Nicole has been super frustrated at times with this year’s World Cup. She’s ridden well, but the results haven’t always shown that. Mechanical issues and bad luck at some races have left her with a feeling of a stop-start season. On her run in Val di Sole, Nicole had nothing to lose – only being with an outside chance of the overall. She let go of the brakes, attacked the course and came across the line with a time that was never in danger of being beaten by the eight women who followed her down.
Camille Balanche just about did enough to win the women's overall
Camille Balanche's participation in this race was very much in doubt after she broke her collarbone in Mont-Sainte-Anne in early August, but a month later, she was here in Italy and willing to do what was necessary to wrap up the women's overall. Having scored no World Cup points in Canada, her lead in the women's general classification had been reduced by Vali Höll's win there. For these Val di Sole finals, it meant that as long as Balanche finished in the top four, she'd secure the title even if Höll won the race.
Easier said than done when you have a collarbone that isn't exactly 100 percent strong following surgery. Val di Sole is also not a course you want to be riding with such a shoulder, given the bone-shaking nature the course has on riders' bodies. Balanche hadn't raced the course in full since first practice and didn't even complete her qualifying run.
The Swiss athlete, to her credit, gave it her all in her run and recorded a leading time. She then had to wait nervously for nine other women to make their descents. By the time Höll came down as the last woman on the course, Balanche was in fourth place. It was set up for a grandstand finish! Except the Austrian World Champion came in with the third best placed time at the finish line. These circumstances gave Balanche the overall title, much to her relief.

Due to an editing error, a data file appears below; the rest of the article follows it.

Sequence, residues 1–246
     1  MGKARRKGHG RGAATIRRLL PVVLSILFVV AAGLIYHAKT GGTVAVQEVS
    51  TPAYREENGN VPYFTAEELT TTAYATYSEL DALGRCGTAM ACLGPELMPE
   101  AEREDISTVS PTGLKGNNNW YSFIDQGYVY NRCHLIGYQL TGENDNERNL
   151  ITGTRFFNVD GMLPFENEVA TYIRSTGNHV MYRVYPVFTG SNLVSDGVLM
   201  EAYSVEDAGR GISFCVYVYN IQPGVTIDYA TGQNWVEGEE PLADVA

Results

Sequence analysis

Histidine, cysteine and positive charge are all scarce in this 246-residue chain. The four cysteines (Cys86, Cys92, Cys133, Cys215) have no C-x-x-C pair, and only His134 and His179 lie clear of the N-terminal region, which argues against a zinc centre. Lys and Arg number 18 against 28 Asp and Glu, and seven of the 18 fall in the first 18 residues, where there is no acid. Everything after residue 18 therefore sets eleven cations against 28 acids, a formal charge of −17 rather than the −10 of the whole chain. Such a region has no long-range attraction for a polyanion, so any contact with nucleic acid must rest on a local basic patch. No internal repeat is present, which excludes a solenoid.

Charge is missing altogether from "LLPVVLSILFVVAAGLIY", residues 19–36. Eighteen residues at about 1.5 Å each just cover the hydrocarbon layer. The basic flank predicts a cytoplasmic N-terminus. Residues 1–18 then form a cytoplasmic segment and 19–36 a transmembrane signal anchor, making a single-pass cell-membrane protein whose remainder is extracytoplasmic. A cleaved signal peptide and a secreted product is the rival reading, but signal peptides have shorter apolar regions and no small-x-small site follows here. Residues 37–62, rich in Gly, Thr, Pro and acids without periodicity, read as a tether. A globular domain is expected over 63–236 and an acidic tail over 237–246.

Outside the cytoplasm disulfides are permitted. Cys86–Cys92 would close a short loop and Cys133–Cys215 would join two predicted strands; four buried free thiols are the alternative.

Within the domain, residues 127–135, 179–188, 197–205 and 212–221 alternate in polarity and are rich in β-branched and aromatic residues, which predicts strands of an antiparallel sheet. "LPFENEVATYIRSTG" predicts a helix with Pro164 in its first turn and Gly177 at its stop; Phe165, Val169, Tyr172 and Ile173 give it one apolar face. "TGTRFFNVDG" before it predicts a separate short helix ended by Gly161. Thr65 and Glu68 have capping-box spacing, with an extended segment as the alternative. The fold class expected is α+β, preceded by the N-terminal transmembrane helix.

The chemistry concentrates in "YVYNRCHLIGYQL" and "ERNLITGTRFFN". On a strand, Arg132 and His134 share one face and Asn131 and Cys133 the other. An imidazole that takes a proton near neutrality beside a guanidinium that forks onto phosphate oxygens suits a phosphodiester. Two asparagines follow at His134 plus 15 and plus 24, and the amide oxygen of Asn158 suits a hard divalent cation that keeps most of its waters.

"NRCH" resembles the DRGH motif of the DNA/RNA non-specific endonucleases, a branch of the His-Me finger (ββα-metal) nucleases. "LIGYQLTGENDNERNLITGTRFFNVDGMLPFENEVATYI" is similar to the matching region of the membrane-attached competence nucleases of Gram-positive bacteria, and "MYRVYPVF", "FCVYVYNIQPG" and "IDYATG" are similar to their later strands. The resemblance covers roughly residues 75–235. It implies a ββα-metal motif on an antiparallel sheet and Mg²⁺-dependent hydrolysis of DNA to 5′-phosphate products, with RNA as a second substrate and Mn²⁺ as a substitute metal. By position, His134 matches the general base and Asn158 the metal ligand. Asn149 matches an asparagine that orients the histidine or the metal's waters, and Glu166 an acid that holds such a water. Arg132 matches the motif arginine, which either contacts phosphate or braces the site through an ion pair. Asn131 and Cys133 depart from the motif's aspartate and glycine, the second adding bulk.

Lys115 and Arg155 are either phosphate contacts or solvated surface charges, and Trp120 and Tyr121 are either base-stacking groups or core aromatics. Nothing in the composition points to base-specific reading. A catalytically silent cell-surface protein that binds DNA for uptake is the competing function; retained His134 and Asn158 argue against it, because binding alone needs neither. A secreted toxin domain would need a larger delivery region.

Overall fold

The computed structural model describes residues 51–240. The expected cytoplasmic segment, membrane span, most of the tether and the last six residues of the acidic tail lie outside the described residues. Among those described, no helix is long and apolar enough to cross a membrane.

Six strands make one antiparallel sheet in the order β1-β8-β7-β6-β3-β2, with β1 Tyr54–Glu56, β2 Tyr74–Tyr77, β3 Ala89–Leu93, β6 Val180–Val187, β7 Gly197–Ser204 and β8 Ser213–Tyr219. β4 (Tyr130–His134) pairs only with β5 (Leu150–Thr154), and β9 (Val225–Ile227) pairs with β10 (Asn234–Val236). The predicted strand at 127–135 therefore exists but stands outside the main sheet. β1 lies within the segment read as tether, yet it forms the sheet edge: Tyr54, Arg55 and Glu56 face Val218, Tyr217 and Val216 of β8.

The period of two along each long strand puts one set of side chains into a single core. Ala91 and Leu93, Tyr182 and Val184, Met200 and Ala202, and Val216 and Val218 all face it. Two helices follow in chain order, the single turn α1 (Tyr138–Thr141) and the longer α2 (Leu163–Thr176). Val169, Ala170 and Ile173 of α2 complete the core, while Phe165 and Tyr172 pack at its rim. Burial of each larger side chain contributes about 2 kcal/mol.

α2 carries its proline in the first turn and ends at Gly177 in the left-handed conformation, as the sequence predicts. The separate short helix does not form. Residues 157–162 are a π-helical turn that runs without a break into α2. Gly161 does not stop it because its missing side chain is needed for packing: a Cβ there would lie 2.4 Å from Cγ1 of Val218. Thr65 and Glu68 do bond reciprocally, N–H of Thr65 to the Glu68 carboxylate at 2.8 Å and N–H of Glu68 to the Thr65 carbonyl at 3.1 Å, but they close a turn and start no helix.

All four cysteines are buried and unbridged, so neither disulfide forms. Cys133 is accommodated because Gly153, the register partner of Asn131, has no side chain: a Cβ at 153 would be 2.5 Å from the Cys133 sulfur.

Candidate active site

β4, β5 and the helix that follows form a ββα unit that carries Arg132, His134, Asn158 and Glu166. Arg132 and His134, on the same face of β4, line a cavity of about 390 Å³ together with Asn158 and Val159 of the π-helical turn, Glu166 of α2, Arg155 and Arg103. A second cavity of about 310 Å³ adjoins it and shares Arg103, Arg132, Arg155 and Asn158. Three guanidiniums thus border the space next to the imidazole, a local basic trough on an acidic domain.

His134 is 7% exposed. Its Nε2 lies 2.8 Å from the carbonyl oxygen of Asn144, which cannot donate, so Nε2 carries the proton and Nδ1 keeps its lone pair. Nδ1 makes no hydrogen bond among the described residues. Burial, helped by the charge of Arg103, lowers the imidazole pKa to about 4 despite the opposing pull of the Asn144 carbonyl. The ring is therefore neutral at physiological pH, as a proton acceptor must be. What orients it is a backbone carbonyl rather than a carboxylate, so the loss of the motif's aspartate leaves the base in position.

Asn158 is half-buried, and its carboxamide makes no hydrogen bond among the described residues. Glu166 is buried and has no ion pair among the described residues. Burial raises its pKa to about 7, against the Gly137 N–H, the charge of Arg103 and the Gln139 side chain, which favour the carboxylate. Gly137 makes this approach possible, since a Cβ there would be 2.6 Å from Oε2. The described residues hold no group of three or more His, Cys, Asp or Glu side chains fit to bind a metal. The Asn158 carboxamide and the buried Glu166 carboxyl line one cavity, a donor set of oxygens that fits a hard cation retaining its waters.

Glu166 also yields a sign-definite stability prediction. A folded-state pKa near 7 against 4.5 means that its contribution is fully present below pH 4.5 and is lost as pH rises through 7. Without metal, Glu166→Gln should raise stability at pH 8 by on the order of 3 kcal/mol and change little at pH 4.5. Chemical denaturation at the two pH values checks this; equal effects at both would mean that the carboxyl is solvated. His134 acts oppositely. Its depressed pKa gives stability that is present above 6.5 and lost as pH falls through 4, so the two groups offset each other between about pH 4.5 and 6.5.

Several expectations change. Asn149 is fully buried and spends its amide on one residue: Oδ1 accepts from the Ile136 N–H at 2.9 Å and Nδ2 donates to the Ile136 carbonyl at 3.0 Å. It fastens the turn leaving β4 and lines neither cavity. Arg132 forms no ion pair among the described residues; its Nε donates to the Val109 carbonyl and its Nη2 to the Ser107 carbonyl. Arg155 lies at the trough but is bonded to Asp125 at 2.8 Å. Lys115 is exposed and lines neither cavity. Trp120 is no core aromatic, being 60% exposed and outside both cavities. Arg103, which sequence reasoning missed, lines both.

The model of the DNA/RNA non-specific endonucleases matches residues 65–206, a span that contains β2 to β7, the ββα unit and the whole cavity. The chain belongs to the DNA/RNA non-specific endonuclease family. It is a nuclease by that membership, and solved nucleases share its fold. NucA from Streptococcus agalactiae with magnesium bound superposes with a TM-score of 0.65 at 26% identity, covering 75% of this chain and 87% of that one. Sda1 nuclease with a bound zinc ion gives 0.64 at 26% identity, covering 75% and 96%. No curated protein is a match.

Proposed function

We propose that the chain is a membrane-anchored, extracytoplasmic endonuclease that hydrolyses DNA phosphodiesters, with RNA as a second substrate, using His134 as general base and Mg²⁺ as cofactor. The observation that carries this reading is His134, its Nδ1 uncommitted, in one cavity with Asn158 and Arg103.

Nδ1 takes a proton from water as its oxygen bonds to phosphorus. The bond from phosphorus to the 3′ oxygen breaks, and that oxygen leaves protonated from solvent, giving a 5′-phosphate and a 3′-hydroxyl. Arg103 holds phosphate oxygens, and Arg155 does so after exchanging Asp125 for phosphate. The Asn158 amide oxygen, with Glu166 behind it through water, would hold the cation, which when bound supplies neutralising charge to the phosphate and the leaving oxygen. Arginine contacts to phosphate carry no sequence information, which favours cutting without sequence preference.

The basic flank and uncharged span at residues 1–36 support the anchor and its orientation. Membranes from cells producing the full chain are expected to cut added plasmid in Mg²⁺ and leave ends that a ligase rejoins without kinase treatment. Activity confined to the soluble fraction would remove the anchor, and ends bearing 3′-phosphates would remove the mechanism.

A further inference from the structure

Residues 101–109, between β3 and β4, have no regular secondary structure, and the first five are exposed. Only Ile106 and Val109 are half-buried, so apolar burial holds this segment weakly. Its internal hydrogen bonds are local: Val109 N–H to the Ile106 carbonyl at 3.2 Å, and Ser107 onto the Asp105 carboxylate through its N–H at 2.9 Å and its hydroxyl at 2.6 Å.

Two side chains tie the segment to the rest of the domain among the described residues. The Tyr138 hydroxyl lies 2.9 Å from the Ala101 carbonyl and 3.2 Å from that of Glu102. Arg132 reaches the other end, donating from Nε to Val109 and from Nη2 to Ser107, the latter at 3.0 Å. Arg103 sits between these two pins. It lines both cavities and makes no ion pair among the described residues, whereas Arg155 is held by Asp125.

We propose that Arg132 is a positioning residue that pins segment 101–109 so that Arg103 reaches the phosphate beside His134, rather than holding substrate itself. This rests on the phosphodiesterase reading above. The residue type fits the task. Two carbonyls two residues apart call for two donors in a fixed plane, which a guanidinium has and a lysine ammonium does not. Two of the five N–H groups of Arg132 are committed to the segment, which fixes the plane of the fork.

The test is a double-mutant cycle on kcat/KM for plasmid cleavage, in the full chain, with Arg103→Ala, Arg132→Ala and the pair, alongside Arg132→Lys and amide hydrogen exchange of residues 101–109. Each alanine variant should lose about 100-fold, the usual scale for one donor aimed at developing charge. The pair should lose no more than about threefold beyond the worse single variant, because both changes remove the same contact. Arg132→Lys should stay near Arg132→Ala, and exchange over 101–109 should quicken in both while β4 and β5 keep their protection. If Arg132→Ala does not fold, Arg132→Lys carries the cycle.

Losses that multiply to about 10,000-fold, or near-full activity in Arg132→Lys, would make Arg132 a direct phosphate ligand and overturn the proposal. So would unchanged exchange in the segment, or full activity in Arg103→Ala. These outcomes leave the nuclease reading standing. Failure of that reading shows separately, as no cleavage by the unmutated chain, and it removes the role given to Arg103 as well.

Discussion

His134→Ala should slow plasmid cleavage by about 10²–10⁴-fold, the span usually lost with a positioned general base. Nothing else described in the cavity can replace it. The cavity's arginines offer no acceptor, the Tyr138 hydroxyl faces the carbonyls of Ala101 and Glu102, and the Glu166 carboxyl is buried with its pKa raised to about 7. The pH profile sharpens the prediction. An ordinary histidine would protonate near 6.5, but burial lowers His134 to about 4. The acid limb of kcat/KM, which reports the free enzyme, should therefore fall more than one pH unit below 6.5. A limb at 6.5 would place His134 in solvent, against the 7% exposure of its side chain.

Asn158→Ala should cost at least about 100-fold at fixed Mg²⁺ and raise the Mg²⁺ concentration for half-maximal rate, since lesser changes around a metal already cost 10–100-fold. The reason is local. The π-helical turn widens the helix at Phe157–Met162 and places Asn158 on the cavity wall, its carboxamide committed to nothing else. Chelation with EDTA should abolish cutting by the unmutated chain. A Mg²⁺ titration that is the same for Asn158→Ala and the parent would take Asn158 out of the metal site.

The Black Snake was rough as it has ever been
Not many downhill tracks on the World Cup have their own nicknames, but Val di Sole does. The Black Snake, as it is called, can be a venomous beast! Despite having undergone some work for the World Champs last year, the track is still one of the most technical tracks on the circuit and also extremely physical. World Cup legend Greg Minnaar reported the track was in its roughest condition in years.
The course was full of holes waiting to trip the riders up, and mechanicals were a constant worry. Myriam Nicole suffered a rear tyre blowout as in qualifiers, and she wasn't the only one to suffer from tyres blowing up during the week. When the rain did come, it didn't last long and only made the roots and rocks as slippery as a snake.
Downhill course preview – Val di Sole
Jackson Goldstone takes us down the rough and rocky downhill track in Val di Sole, Italy.
The men's overall title was wrapped up before finals